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Etoposide seems to interfere with the growth of cancer cells. This causes cancer cells to die.
Etoposide is an effective antitumor medicine. But the type and extent of a cancer determines how effectively this medicine slows or stops the growth of cancer cells in the body.
All medicines have side effects. But many people don't feel the side effects, or they are able to deal with them. Ask your pharmacist about the side effects of each medicine you take. Side effects are also listed in the information that comes with your medicine.
Here are some important things to think about:
Call 911 or other emergency services right away if you have:
Call your doctor if you have:
Common side effects of this medicine include:
See Drug Reference for a full list of side effects. (Drug Reference is not available in all systems.)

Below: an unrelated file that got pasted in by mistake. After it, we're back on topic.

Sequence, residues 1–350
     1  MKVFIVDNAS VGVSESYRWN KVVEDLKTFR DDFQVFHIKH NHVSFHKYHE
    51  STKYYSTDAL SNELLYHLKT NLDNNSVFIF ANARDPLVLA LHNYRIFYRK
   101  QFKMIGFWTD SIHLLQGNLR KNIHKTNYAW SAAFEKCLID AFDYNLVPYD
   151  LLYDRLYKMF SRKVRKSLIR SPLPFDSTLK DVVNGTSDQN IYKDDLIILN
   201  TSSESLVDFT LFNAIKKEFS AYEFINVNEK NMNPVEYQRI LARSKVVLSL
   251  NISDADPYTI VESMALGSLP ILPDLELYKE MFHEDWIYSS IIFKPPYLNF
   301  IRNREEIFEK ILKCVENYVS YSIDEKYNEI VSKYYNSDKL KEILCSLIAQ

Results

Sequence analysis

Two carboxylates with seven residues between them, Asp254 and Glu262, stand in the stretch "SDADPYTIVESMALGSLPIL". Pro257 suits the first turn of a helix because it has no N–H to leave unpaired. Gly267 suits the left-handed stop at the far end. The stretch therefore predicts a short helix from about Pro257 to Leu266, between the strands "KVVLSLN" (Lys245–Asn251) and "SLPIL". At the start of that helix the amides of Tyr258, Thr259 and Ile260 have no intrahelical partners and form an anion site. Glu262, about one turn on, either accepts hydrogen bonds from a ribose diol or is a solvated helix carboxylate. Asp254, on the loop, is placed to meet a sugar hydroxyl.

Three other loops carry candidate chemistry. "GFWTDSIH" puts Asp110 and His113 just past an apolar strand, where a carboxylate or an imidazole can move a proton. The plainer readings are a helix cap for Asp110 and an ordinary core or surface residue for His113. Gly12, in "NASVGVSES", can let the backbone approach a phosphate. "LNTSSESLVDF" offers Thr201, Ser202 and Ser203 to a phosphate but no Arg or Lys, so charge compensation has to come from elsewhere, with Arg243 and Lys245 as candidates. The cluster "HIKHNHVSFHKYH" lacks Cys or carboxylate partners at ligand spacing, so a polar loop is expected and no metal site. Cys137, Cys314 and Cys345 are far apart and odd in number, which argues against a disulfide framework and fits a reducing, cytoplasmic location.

Etoposide should be administered only under the supervision of a medical oncologist.
Taking etoposide can increase your chances of getting an infection, so do your best to stay away from sick people. It may also keep your blood from clotting normally, so be very careful when using sharp objects.
You may not be able to get pregnant or father a child after taking this medicine. Discuss fertility with your doctor before starting treatment.
Etoposide can cause birth defects. Do not use this drug if you are pregnant or wish to become pregnant or father a child while you are taking it.
Talk to your doctor before taking etoposide if you have an infection or kidney or liver disease. And let your doctor know if you have had shingles or chickenpox (or have recently been exposed to chickenpox).
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